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Patrick H.
Patrick H., Lawyer
Category: Australia Law
Satisfied Customers: 5422
Experience:  Dip Law LPAB - Sydney based lawyer
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I am wondering if it's possible to sue someone overseas?

Customer Question

Hi Patrick, my name is***** am wondering if it's possible to sue someone overseas? Specifically China. The person is originally Australian but has residency there I believe.
Submitted: 2 years ago.
Category: Australia Law
Expert:  Patrick H. replied 2 years ago.


Can you elaborate on why you want or need to sue this person?

Customer: replied 2 years ago.
This person is my Agent in importing goods from China. I have successfully traded with them over the last two years but for my last order of approximately AUD$30,000, they have not supplied the goods within an acceptable timeframe and have now ceased to respond to my enquiries. I am extremely concerned about this - it has never happened before.
Customer: replied 2 years ago.
I have always paid a deposit up-front and then the balance on shipping. This was done for this order but the order has never appeared and after numerous excuses as to why, he has now ceased to respond at all.
Expert:  Patrick H. replied 2 years ago.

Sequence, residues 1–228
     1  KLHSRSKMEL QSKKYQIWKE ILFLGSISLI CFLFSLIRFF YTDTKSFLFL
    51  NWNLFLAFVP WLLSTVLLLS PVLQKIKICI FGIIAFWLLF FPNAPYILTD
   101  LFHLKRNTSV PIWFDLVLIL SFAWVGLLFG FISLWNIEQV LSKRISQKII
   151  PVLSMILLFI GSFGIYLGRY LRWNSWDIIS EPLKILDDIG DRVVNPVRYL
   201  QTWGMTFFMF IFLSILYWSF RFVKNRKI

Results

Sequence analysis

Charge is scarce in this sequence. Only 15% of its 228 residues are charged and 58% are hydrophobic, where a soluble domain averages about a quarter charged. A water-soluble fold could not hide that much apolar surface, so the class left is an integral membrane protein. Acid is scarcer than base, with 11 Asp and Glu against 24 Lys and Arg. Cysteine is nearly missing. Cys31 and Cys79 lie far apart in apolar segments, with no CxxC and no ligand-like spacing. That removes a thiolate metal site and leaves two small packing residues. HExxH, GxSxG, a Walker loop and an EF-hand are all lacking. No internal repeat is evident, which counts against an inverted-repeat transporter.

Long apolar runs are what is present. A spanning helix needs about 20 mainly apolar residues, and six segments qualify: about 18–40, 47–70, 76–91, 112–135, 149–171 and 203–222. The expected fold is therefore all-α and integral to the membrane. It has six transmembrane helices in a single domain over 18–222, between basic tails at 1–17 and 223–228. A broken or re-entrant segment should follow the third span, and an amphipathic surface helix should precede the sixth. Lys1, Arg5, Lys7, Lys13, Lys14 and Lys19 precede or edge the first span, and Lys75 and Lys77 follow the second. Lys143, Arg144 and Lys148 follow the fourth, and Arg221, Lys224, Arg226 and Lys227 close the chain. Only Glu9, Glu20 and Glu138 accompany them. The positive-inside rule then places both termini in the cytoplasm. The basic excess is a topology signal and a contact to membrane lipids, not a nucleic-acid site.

If you entered into your contract in Australia, then you may be able to sue them through the Australian courts, but it will depend on a specific analysis of the exact circumstances in which you entered into your contract. The effectiveness of such action will also depend on whether this person has assets in Australia, or whether the person is likely to return to Australia at some point.

Alternately, you can try to sue them in China, but you will need to engage a Chinese lawyer to explore your legal options in that regard, as only a Chinese lawyer will be able to advise you on the laws applicable in China. No doubt your prospects of recovering will also depend on the circumstances of your supplier. The supplier may have simply run off with your money, or may have gone broke for reasons beyond his control (especially noting recent issues with the Chinese sharemarket), until that is ascertained, it will be difficult for even a Chinese lawyer to be able to be sure you have good prospects of recovering.

For future reference, when dealing with foreign suppliers in large transactions, consider consulting with your bank so that you can arrange for payments to be made to a third party escrow account instead of directly to the foreign supplier. Arrangements of this sort work such that you pay the money to the bank, which only releases the money to the supplier once the goods have been delivered.

I trust the above assists.

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Customer: replied 2 years ago.
Hi Patrick,He lives in China and I'm unsure if he's likely to return to Australia. I'm not sure about his assets but I do pay him into an Australian bank account.Does that mean I could sue him here? Going down the Chinese route would be problematic.
Expert:  Patrick H. replied 2 years ago.

It certainly is an indicator that there may be assets here to recover, but whether you can sue him here will depend on the details of your contractual arrangements.

If as it appears there are assets here it may well be worthwhile going through your case in more detail with a local lawyer who can give you firm advice on whether to proceed here or not .

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